When Chap Lap Kok was opening, the airport authority approached him to open a business centre because he was already established in the field. But Song had the foresight to challenge the airport authority and insisted that the airport did not need business centres, but rather travellers needed airport lounges. And he persevered in pushing his proposal. He recounted those uncertain times when “the airport authority was not sure it would be successful.” With the odds stacked against him, his first lounge was allocated a poor location in a far corner of the west hall. Given its location, hardly anyone noticed his lounge and within six months, he exhausted all his savings and he was at the brink of bankrupcy in 1998. What saved him was his sharp creative mind. With a poor location and non-existent marketing budget, he had to think outside the box. His eureka moment came when he thought of using banks and credit card companies to promote his business. He approached banks telling them the customers would not take all their credit cards when they travel. So how can one credit card have an edge over another credit card? His insight was credit cards make money from foreign exchange and not from the meagre merchant fees. So he offered them a solution. If these credit cards gave travellers access to his airport lounge, then customers will likely bring these credit cards when they travel as they would enjoy the hospitality of his airport lounge. This was indeed a win-win for everyone - the customers, the credit card companies and of course the survival of his airport lounges. It was this simple idea that turned his business around, and today Plaza Premium Lounge is a worldwide brand across airports all over the world. Just in Hong Kong alone, he operates a total of three Plaza Premium Lounges, one Plaza Premium First and a ‘Root98’ (a play on ‘Route’ and the year the company was founded).

A constant theme that Song brings up in our breakfast is that the secret to his success is simply to have “a curious mind and an observant eye.” Although he is known for his airport lounge, his first foray into business was in the early 1990’s when he could see China opening its doors to the world, and this meant multinational companies would need to set up representative offices in Hong Kong as a gateway into China. So his solution was to open business centres called Plaza Business Centre. With the ups and downs of business cycles, Song’s parting words to aspiring enterprenuers is “when facing any crisis or difficulties, don’t walk away. Don’t complain. Calm down and just observe.”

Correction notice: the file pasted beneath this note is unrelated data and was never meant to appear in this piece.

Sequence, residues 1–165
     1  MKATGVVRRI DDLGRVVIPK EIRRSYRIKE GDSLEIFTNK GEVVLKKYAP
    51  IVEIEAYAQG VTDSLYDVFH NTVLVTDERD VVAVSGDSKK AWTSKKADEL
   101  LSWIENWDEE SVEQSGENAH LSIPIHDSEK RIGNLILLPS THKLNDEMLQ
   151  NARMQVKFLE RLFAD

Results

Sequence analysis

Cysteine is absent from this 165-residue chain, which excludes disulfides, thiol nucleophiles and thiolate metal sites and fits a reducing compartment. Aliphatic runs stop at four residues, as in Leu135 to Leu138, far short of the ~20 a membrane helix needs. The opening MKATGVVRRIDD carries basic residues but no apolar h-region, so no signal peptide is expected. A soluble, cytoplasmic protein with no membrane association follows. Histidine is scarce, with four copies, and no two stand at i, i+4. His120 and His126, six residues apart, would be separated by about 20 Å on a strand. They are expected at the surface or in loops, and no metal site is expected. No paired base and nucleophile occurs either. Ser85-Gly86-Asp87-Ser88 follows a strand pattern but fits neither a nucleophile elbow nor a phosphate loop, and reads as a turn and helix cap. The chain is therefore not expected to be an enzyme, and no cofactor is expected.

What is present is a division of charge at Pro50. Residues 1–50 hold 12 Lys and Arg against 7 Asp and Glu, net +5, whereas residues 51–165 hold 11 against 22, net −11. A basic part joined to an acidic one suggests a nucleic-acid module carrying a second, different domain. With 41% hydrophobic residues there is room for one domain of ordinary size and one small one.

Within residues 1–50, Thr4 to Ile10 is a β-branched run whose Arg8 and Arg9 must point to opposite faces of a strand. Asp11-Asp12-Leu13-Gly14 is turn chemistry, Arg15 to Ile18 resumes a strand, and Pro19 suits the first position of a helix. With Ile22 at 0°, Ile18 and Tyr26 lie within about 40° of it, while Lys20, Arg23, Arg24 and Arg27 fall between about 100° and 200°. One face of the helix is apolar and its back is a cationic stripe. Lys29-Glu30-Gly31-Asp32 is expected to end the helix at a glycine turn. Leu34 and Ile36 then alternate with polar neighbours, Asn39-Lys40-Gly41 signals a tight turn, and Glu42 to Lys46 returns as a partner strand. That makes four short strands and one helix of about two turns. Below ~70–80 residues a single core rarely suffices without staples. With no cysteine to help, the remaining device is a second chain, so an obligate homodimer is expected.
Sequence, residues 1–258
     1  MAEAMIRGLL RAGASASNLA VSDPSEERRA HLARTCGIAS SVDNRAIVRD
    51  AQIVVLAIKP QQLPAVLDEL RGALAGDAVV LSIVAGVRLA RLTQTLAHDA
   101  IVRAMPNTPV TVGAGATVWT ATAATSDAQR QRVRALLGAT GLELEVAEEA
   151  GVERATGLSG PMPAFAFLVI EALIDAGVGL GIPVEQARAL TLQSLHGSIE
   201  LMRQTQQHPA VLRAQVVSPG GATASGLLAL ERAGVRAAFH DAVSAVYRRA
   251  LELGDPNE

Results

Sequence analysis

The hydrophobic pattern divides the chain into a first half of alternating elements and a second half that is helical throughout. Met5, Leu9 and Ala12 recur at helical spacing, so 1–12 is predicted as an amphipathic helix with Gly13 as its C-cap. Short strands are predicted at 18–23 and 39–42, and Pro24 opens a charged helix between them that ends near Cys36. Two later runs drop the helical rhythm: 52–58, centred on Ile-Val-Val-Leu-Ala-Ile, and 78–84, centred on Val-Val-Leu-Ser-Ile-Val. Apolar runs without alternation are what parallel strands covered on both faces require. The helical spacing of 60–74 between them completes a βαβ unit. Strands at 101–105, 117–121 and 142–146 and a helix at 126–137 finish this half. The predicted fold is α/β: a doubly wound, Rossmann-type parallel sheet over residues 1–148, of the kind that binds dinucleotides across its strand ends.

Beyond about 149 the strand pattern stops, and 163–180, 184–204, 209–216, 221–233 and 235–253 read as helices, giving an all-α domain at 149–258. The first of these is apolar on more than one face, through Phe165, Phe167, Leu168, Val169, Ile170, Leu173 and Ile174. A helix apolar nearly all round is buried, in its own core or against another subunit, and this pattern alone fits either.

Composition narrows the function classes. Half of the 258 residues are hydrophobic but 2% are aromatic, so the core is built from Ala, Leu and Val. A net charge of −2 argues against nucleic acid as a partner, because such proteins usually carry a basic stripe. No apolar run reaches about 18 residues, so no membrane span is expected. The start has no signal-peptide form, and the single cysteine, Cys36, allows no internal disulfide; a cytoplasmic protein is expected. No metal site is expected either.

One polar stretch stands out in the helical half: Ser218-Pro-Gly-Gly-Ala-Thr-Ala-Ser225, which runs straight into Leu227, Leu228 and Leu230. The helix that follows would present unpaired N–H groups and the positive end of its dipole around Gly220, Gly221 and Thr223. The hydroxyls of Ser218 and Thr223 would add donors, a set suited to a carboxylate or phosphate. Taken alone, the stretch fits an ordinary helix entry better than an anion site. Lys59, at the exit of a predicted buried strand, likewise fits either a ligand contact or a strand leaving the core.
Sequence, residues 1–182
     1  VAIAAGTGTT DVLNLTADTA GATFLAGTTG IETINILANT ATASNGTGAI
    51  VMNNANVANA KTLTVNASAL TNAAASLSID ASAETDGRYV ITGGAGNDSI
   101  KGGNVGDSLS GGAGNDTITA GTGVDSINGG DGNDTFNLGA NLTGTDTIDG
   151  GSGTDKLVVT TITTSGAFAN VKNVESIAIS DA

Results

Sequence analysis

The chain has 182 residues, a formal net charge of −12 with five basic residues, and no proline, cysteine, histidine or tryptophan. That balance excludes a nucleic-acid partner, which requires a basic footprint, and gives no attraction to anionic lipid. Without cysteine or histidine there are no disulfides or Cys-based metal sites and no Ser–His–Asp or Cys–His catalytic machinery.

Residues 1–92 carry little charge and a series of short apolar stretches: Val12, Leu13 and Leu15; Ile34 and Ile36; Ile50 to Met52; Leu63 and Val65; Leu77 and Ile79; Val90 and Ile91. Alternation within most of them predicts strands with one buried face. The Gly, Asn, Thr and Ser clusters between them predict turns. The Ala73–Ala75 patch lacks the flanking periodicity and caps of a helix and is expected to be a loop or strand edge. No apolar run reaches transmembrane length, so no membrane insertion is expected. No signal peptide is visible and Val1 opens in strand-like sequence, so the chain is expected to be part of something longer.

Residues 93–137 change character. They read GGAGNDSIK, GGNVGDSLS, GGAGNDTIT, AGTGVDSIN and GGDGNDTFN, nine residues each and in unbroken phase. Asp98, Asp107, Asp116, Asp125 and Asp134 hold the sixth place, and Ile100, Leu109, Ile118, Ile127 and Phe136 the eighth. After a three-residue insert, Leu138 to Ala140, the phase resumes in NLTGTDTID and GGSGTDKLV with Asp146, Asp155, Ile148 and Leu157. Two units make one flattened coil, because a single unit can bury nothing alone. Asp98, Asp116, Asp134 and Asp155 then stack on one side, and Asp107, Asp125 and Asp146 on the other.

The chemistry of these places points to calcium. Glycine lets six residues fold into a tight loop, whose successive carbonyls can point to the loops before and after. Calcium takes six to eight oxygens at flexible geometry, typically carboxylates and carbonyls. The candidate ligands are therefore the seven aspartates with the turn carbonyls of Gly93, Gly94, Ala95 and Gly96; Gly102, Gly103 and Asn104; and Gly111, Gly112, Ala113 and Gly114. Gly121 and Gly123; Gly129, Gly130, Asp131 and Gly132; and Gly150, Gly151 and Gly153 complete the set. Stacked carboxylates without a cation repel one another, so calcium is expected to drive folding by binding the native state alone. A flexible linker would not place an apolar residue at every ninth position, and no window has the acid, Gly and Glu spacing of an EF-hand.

A Malaysian gathering would not be complete without talking about makan! His favourite Malaysian drink is cendol with gula melaka (home sweet home). He enjoys his assam petai prawn and a Nonya style fish head curry. And while he savours a plate of Penang Char Kway Teow every now and then, he only indulges one plate at a time.  His favourite fruits are none other than durian, the king of fruits, followed by mangosteen as he believes in balancing yin and yang. Sharing something in common with my father, his favourite celebrity is P Ramlee.

What strikes me most about Song is his resilience and survival instincts. He overcame the Asian Financial Crisis, the internet bubble, SARs, the Global Financial crisis, HK’s recent social disturbances, and now we are facing the mother of all crisis - ‘COVID-19’. This pandemic will undoubtedly have long term impact on the travel industry, the airline business and how we travel generally. But with Song’s ‘Malaysia Boleh attitude’ and keen powers of observation coupled with his strong business acumen, I am confident he will come out of this stronger than ever.  

As I signed the bill, I thanked Song for being so authentic and generous with his time. And to all our lovely readers, please stay tuned for my next column.

Sehingga kita jumpa lagi over a cup of teh tarik!


Saniza Othman

April 2020